Garner & Hancock, Dispute Resolution

The Guide to Mediation

When to Mediate?

Because the process of mediation is flexible and can accommodate a variety of situations, most disputes can be mediated, this can be particularly true for family cases where the parties do not wish to enter into potentially lengthy and expensive litigation but there are matters which need to be resolved and there is a genuine possibility that with the help of an unbiased and experienced professional an agreement may be reached.

There are no fixed rules for determining when mediation will work and it is not always possible to know without trying. However, when deciding whether or not to try mediation, consider the following factors:

  • First, ask:
    • Is there a negotiable issue in dispute?
    • Will all parties voluntarily commit to a face-to-face meeting to try to agree?
    • Can any party get away with simply ignoring the problem?
  • Mediation is attractive if the parties want a private solution.
  • Mediation is attractive if the parties want a flexible and informal process or if other options for resolving the conflict are not desirable.
  • Mediation is often recommended where both parties have an interest in maintaining their relationship, this can be particularly important in divorce/separation cases where there are children involved and the parties will inevitably remain a part of each other’s life after the dispute is resolved.
  • It is helpful, but not necessary, for the parties to trust each other. Trust makes mediation easier, but it is not a prerequisite.
  • Disputes about tangible issues (such as money, property, behavior, rights, licenses) tend to be easier to mediate than disputes based on personal values or beliefs.
  • It helps if the power balance between the parties is fairly equal. It is essential that one party not be able to dominate another or unilaterally dictate the outcome of mediation. At the same time, keep in mind that mediators are trained to assess power imbalances and can often intervene to balance inequities. The presence of legal counsel or use of independent legal advisors is one way to establish bargaining equality.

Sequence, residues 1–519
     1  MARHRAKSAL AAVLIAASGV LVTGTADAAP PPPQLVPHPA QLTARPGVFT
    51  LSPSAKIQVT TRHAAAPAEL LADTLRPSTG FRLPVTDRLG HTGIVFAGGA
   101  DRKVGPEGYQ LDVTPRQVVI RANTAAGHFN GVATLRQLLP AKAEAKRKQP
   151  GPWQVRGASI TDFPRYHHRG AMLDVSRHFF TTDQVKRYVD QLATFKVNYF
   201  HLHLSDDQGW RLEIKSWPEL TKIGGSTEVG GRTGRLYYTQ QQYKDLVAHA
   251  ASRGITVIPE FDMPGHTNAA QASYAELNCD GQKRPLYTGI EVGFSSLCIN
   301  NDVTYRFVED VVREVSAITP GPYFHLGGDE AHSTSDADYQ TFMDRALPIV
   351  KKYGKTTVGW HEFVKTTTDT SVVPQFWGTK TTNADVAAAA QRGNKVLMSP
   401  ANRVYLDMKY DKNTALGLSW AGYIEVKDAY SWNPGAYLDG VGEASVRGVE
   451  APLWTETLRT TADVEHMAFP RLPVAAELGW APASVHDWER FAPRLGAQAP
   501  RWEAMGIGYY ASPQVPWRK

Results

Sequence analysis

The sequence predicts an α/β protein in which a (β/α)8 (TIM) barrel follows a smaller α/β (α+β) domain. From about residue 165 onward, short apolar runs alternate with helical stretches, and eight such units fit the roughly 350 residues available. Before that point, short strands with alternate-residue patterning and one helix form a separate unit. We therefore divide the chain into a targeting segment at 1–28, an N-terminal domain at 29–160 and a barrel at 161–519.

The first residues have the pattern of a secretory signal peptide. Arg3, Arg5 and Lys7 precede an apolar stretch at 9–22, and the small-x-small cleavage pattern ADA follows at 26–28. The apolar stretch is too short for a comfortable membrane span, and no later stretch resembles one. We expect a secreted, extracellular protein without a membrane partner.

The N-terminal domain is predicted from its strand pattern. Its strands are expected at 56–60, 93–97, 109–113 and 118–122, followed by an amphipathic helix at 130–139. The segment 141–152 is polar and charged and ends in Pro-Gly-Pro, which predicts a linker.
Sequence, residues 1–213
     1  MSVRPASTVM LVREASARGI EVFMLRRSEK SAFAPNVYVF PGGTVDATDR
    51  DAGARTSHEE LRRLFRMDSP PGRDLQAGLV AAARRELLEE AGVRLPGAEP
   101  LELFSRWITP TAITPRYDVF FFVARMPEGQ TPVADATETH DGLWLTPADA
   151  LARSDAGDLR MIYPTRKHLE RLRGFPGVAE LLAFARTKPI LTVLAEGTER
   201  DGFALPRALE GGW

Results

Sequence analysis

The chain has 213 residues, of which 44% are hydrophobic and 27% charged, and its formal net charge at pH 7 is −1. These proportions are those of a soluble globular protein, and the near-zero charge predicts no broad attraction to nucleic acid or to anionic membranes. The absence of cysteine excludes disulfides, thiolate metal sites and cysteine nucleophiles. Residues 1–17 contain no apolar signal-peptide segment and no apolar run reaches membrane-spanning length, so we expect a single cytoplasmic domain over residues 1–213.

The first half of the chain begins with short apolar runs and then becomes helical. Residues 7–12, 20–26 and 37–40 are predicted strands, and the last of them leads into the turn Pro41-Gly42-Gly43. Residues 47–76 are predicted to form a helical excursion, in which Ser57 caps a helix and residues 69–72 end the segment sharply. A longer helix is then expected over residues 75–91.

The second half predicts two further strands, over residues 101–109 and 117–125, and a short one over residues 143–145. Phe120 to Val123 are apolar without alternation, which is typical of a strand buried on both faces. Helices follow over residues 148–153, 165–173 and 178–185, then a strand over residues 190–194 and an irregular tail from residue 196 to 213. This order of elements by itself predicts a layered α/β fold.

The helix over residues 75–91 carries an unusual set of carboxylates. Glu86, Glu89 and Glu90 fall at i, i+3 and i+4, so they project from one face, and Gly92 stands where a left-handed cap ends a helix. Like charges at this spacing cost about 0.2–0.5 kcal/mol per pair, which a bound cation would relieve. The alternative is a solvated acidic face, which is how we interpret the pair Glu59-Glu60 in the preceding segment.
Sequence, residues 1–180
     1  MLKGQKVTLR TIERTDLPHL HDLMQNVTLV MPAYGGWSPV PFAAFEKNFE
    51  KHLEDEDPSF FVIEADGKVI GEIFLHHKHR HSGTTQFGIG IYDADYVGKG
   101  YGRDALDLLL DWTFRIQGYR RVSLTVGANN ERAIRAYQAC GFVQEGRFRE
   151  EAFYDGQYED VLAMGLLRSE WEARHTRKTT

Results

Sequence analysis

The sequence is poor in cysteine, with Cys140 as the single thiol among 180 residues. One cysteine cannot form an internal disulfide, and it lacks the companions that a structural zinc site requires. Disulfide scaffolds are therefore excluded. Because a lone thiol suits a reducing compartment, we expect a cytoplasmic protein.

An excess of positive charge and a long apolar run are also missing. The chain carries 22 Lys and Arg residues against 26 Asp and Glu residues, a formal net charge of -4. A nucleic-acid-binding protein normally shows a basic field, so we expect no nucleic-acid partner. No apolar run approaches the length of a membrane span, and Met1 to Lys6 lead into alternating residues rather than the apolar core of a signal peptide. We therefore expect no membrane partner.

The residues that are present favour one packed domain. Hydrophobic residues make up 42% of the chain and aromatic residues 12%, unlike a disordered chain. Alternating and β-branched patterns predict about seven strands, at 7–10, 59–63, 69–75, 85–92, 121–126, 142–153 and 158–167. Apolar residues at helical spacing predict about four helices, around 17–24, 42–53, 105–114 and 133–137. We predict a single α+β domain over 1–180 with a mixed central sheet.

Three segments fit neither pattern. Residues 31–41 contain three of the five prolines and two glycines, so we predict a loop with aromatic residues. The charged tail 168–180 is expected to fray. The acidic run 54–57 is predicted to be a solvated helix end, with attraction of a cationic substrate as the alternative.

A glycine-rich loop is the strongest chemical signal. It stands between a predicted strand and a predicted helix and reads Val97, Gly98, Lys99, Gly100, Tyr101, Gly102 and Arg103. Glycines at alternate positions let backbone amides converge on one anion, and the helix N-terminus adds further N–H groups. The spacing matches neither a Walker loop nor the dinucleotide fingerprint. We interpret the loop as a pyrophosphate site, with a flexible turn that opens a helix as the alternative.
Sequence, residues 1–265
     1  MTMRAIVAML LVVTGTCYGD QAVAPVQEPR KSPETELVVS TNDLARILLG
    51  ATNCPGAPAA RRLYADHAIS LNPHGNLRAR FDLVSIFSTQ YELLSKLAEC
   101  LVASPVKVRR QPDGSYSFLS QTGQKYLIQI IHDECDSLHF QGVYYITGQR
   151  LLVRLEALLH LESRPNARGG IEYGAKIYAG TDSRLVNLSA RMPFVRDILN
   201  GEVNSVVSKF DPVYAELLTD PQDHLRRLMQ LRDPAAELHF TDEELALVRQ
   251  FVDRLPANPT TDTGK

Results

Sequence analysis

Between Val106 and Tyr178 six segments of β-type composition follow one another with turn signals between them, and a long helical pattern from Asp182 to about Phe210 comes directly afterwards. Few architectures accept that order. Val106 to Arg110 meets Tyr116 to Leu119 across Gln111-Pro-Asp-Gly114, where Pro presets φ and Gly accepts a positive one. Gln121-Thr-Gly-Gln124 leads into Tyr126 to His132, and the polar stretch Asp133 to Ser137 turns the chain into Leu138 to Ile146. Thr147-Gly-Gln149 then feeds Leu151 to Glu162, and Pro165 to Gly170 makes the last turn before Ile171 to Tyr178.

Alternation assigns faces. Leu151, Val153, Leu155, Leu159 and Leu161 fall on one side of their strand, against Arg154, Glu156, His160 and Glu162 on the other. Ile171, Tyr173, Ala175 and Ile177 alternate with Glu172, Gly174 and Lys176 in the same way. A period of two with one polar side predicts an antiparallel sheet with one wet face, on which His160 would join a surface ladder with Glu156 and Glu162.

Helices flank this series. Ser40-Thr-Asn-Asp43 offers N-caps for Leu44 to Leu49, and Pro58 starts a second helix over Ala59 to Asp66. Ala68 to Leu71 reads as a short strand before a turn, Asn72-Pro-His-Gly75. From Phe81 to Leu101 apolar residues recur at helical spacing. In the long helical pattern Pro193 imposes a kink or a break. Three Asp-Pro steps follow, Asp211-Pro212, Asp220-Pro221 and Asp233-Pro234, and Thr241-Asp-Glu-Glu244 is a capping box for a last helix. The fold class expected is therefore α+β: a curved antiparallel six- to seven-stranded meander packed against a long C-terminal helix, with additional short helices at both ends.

• It helps if each party needs something from the other. This way there is more likely to be an equality of bargaining power and an incentive for each party to reach an agreement.
  • Mediation often works well for complex cases requiring creative solutions.

As a general rule, the earlier a dispute goes to mediation, the more likely it will settle. The longer a dispute goes on, the more parties tend to become committed to their positions and less willing to consider another point of view.

When not to mediate

Some disputes do not lend themselves to mediation. These include cases in which:

  • a party is acting in bad faith (for example, wants to use the process for delay only or to try to avoid disclosure of relevant information); and
  • there is fear of violence between the parties and the mediation would not be safe. Divorce/separation cases which were characterized by domestic violence would not be appropriate for mediation.

As the mediation proceeds, the mediator will assess the viability of the process and will end the mediation if he or she concludes that it is unfair or prejudicial to any party, or unlikely to resolve within a reasonable time.

We encourage our clients to attend mediation before they come and see us. Ideally, by talking, parties will save considerable cost. We believe that a line of communication open between the parties makes the whole process go smoothly and results in a better and more robust agreement.

We recommend Mediation in Divorce http://www.midmediation.org.uk/

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East Twickenham,
Middlesex TW1 2AR » Map

Phone: 020 8891 6860
Fax: 020 8891 3107
Email: admin@midmediation.org.uk

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If you would like some help or advice, then please feel free to call to arrange a conversation on 0208 232 9560, or drop us a note using the form below and we can book you a call with a solicitor.